This, actually, can be traced back to the father of Dungeons and Dragons himself– Gary Gygax. Or rather, one of two fathers, because this is were things get really stringy real fast. In addition to other brow-raising activity, Gygax has since been painted as having very outdated views. For example, he believed that women didn’t enjoy RPGs because our brains function differently. Another example comes in the form of the Girdle of Femininity/Masculinity, a cursed item that changes a target’s gender and comes off as transphobic in modern times.

However, as I said, Gygax’s views towards gender/sexual identity can possibly be attributed to the times that he lived in. (And he certainly wasn’t the only D&D-affiliate guilty of such views.) After all, other TTRPGs were going so far as to list various queer identities as optional psychological issues to give characters.

That snapping sound you just heard was me shaking my head hard enough to break my neck.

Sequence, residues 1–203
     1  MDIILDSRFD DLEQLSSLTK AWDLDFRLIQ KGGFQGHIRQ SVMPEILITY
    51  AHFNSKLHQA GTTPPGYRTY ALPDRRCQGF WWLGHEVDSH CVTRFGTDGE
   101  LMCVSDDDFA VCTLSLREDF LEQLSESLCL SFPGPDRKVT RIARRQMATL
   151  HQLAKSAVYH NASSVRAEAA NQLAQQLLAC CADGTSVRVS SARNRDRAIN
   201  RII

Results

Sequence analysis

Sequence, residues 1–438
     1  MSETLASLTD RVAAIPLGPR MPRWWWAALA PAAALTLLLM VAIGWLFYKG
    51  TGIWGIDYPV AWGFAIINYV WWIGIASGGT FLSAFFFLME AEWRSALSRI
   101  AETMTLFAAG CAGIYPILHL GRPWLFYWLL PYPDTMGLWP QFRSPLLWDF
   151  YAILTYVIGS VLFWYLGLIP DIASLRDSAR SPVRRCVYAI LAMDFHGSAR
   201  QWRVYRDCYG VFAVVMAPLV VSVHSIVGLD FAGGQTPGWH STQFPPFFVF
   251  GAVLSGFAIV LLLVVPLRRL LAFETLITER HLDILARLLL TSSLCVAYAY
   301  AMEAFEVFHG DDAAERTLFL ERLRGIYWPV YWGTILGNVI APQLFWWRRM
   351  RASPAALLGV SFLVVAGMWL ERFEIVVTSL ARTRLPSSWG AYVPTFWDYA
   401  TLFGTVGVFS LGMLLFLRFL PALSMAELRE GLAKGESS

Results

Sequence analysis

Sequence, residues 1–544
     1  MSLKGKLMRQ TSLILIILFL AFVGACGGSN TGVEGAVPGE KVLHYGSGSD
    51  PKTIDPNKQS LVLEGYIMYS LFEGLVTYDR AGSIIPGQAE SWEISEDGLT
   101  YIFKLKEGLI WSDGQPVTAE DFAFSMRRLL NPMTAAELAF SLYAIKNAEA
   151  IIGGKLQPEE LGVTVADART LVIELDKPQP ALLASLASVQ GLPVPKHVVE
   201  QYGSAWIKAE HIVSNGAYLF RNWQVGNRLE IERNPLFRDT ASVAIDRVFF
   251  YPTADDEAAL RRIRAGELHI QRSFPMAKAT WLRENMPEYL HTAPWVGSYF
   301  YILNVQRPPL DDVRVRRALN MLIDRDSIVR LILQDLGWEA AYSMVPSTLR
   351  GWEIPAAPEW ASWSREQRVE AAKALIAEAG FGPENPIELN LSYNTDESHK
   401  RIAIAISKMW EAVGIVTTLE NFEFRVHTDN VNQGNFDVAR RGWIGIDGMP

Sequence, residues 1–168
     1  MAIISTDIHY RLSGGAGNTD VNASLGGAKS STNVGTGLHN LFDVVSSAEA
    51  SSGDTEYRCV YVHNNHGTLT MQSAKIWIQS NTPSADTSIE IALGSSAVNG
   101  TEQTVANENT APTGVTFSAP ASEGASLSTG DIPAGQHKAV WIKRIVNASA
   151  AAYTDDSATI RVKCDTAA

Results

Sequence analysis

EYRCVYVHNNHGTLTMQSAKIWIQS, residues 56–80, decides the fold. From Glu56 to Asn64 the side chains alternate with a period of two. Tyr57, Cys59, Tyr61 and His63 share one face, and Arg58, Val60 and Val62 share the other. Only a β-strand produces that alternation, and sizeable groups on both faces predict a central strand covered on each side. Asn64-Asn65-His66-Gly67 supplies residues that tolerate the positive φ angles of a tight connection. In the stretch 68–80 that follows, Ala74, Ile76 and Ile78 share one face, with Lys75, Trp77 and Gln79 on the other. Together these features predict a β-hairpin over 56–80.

D&D is very much a reflection of the times that it finds itself in. Eventually, the game found itself in the later half of the 20th century. Namely, when society began a shift towards accepting queer identities more and more. As such, the people behind the game altered their treatment of LGBT+ identities…

Also, about that–

Seelie (You In) Court(, Mr. Gygax Jr.)

With a history that includes the notorious 1.1 OGL to rule them all and having their anti-racism efforts declared racist, you’d imagine that Wizards of the Coast would drop the ball hard enough to split the earth in half in regards of the pride community. Which is where you’d actually be pretty wrong. Not only has WotC held onto the ball; they’ve practically welded it to their hands.

…Well, okay, unless you ask a Magic the Gathering player who actually bothered to read the expanded universe novels. (But even then, the blame lies more with the author than WotC.)